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Alfred Tarski: Philosophy of Language and Logic

Overview

This study looks to the work of Tarski's mentors Stanislaw Lesniewski and Tadeusz Kotarbinski, and reconsiders all of the major issues in Tarski scholarship in light of the conception of Intuitionistic Formalism developed: semantics, truth, paradox, logical consequence.

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Alfred Tarski: Philosophy of Language and Logic

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Overview

This study looks to the work of Tarski's mentors Stanislaw Lesniewski and Tadeusz Kotarbinski, and reconsiders all of the major issues in Tarski scholarship in light of the conception of Intuitionistic Formalism developed: semantics, truth, paradox, logical consequence.

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Product Details

Meet the Author

DOUGLAS PATTERSON is Associate Professor of Philosophy at Kansas State University, USA.

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Table of Contents

Series Editor's Foreword viii

Introduction 1

Expressive and representational semantics 1

The received view 4

Themes 7

1 Intuitionistic Formalism 12

1.1 What was Intuitionistic Formalism? 12

1.1.1 A puzzle about concepts and definitions 12

1.1.2 Tarski, Lesniewski and Intuitionistic Formalism 16

1.1.3 Formalism 19

1.2 Lesniewski 20

1.2.1 Lesniewski's early work 20

1.2.2 Lesniewski's later work 25

1.3 Kotarbinski 31

1.4 Tarski in context 37

1.4.1 The axiomatic method 37

1.4.2 Monism vs tolerance 41

1.4.3 Five doctrines 43

1.4.4 Tarski's project 49

2 Tarski as Intuitionistic Formalist 53

2.1 The early metamathematical works 53

2.1.1 Axiomatizing consequence 53

2.1.2 Relativization to a deductive science 55

2.2 Explicit definition 62

2.2.1 Defining definition 63

2.2.2 Two conceptions of definition 65

2.2.3 Padoa's method 67

2.3 Categoricity and completeness of terms 70

2.3.1 Provable monotransformability 70

2.3.2 Absolute monotransformability 76

2.4 Theory and concept 80

3 Semantics 84

3.1 Philosophical resistance 85

3.1.1 The quantifier 86

3.1.2 Paradox 89

3.2 Mathematical acceptance 91

3.3 Intuitionistic Formalism in "On Definable Sets" 94

3.3.1 The intuitive notion of definability 95

3.3.2 Defining definable sets vs defining "Defines" 100

4 Truth 108

4.1 Convention T 109

4.1.1 Terminological notes 109

4.1.2 Truth in the Lvov-Warsaw school 111

4.1.3 Semantic concepts in a mathematical theory 114

4.1.4 T-sentences 117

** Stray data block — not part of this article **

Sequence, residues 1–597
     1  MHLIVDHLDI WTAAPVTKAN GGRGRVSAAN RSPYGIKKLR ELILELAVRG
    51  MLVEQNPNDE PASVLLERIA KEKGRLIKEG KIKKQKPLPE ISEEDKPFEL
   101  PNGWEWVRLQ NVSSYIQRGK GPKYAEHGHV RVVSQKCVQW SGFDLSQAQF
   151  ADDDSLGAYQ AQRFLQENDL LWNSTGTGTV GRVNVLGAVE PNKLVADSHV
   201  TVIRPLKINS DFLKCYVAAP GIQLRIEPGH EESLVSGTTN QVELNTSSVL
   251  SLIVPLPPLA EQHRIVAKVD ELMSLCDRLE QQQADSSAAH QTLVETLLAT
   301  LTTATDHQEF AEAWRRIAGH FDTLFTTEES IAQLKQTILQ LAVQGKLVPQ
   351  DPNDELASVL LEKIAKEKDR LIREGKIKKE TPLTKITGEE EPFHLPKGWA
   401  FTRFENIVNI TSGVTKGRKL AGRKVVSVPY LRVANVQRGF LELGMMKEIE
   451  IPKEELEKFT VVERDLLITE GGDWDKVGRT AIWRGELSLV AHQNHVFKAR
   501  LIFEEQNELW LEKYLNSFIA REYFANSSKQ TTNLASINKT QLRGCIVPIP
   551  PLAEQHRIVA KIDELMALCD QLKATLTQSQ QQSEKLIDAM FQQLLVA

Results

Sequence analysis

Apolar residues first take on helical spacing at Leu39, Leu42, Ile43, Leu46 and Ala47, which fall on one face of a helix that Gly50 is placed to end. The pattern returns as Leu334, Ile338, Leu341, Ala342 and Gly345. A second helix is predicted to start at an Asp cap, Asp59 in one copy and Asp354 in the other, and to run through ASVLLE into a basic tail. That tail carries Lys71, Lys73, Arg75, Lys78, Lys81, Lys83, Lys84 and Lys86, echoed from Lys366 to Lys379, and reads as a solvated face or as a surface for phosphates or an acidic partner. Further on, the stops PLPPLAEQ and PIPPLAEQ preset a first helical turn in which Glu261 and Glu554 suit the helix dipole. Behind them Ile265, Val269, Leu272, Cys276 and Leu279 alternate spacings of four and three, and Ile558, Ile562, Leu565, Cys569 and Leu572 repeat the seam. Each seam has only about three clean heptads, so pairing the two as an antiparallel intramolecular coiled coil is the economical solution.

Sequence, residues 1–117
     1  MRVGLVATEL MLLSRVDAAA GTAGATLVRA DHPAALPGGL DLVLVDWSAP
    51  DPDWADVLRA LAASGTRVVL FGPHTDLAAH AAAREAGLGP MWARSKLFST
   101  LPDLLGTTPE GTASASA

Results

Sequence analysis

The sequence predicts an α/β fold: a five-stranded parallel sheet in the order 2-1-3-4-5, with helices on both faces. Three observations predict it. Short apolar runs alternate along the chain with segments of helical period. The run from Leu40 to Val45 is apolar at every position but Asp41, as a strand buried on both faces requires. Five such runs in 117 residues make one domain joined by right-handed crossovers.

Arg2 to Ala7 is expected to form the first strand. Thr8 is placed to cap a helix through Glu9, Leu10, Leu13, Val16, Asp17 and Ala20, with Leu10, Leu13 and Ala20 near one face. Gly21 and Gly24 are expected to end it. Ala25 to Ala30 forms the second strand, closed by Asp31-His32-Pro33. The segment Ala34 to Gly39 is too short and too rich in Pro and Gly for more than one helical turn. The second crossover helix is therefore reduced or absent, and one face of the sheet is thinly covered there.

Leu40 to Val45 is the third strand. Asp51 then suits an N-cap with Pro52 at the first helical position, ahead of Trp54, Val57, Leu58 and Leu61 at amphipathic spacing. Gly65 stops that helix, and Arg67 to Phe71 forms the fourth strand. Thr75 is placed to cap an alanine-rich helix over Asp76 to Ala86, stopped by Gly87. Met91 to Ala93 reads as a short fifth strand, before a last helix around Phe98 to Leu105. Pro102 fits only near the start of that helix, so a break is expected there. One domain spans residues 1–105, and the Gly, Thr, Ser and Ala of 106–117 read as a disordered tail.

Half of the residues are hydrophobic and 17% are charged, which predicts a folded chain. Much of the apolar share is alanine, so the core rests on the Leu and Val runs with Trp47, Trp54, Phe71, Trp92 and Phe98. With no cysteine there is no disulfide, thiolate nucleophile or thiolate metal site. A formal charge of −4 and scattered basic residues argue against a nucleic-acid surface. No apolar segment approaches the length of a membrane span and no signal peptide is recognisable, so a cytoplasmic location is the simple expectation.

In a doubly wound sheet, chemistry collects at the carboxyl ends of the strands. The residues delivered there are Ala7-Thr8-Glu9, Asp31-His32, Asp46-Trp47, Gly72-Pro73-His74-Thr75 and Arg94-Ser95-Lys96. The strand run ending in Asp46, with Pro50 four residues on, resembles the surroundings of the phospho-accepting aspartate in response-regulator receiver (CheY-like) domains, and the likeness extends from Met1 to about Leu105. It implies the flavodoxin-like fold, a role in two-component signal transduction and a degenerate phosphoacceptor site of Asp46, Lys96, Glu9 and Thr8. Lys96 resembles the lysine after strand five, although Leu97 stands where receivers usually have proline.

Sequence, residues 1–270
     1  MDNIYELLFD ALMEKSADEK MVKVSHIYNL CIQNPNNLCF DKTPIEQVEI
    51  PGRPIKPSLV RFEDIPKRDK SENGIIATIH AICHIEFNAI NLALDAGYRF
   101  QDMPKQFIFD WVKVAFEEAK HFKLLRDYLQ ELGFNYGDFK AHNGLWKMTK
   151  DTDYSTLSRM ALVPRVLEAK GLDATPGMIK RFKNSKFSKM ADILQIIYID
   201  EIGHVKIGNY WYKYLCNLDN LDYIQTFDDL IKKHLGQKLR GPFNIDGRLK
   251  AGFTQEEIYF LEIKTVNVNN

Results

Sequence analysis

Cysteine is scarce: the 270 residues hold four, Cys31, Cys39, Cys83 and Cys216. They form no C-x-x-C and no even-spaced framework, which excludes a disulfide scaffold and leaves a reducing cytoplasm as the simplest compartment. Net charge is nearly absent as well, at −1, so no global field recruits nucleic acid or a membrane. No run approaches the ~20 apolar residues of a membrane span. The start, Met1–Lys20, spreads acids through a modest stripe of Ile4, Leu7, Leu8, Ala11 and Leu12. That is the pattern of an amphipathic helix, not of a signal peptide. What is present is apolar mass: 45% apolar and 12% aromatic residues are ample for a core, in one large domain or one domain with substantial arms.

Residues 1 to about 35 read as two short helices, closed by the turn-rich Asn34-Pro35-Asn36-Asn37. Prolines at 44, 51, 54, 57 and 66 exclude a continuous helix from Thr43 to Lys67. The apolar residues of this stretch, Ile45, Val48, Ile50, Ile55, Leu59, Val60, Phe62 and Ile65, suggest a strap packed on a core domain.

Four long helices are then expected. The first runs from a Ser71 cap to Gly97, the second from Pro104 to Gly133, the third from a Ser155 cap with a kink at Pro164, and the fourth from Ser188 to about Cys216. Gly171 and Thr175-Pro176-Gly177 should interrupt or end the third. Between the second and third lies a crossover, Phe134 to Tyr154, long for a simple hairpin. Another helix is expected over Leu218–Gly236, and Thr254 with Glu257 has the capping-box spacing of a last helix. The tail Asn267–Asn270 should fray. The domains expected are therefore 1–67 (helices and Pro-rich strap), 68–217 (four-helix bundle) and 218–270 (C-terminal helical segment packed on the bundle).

4.2 Tarski's definitions 122

4.2.1 Truth for the language of the calculus of classes 122

4.2.2 Higher order and polyadicity 124

4.2.3 Domain relativization and consequence 128

4.3 Evaluating Tarski's account 129

4.3.1 Familiar questions 129

4.3.2 Tarskian definitions and Tarski's "theory" 133

4.3.3 Reduction and physicalism 138

4.3.4 Correspondence and deflationism 140

5 Indefinability and Inconsistency 144

5.1 Indefinability 145

5.1.1 Indefinability before 1931 145

5.1.2 Theorem I: textual issues 147

5.1.3 Theorem I and Intuitionistic Formalism 155

5.1.4 Axiomatic semantics 158

5.2 Inconsistency in everyday language 160

5.2.1 Inconsistent Kotarbinskian conventions 162

5.2.2 Tarski after Kotarbinski 166

6 Transitions: 1933-1935 169

6.1 The 1935 postscript 170

6.2 Carnap on analyticity and truth 174

6.3 The establishment of scientific semantics 179

7 Logical Consequence 181

7.1 Tarski's definition 182

7.1.1 Synopsis 182

7.1.2 Objections to Tarski's account 185

7.2 Consequence in Logical Syntax 187

7.2.1 L-consequence and condition F 187

7.2.2 Tractarianism in the Vienna circle 191

7.3 The overgeneration problem and domain variation 194

7.3.1 Domain variation 194

7.3.2 Consequence in Gödel's completeness theorem 198

7.3.3 Tarski's fixed domain 201

7.4 The modality problem and "Tarski's Fallacy" 203

7.4.1 Modalities 204

7.4.2 Consequence and truth 206

7.4.3 Tarski's "must" 208

7.5 The formality problem and the logical constants 209

7.5.1 Constant and consequence 209

7.5.2 Anachronistic readings 211

7.5.3 Carnap on formality 213

7.5.4 The ω-rule and Gödel sentences 214

7.5.5 Antitractarianism and the nature of logic 215

7.6 Evaluating Tarski's account 219

7.6.1 The analytic problem 219

7.6.2 Eliminating transformation rules 221

7.6.3 Epistemic and generality conceptions of logic 223

8 Conclusion 227

8.1 Paris 1935 and the reception of semantics 227

8.2 Final remarks 232

Notes 234

Bibliography 249

Index 260

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